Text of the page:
“I always tell people who are not from here that what’s so beautiful about this community is that everybody can get involved and everybody can have a voice. And that everybody who is involved is so passionate about how this community is growing. If you’re someone who wants to make an impact and strengthen a community, if you come to Detroit in this moment, you will be able to do that.”
Summers Spent GIVING Back in Israel
Since high school, Erin has been involved in NCSY, the youth group of the Orthodox Union. Her parents were involved in NCSY when they were growing up in Savannah, Georgia, and Charleston, South Carolina. And even though she grew up in an Orthodox community, her parents felt that the inspiration that NCSY could give Erin outside of her yeshiva day school education would be something valuable.
After high school graduation and a gap year in Israel, Erin started staffing NCSY programs. In 2009, she became the director of the NCSY program GIVE (Girls’ Israel Volunteer Experience), taking girls from all over the U.S. to Israel for six weeks to do volunteer work across the country.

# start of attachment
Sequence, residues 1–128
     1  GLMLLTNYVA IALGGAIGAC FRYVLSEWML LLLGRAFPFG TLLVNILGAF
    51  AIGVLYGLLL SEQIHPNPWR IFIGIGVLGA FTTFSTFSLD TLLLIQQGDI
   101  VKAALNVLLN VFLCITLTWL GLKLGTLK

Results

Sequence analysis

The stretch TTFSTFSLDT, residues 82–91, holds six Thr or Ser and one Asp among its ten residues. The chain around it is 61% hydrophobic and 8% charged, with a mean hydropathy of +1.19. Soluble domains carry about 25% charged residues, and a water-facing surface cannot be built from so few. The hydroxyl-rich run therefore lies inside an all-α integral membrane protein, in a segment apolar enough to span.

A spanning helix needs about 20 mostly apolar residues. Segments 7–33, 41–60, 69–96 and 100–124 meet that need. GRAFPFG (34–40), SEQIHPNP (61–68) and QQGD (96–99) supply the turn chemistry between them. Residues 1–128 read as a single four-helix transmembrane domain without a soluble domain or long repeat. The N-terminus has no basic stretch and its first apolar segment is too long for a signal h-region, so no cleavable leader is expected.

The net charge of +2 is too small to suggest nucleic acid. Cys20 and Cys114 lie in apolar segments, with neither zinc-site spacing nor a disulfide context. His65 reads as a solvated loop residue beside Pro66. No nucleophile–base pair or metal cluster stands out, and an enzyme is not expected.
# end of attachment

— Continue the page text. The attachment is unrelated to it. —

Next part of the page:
“We work with the elderly, the disabled, soup kitchens, food pantries, Ethiopian immigrants and more. It gives the girls the opportunity to see Israel through the eyes of the people, and not just as a tourist. And it’s a very powerful experience, whether they’ve been before or not. They’re seeing how Israel runs on chesed and partnerships and people coming together to help one another.”
When Erin began, GIVE was sending 29 girls to Israel each summer. Now, the program has grown to almost 100 girls, from both Jewish day school and public school backgrounds.
“The girls have an opportunity to step out of their comfort zone and really learn about the special tool box that was given to them by G-d. If one is artistic, she can paint a mural at a school in an underprivileged neighborhood. If one grew up speaking Russian, she can go into a nursing home in Israel and speak to one of the residents who may not speak Hebrew. The tools we often take for granted are just the things that make us special and allow us to uniquely contribute to the fabric of the Jewish people.”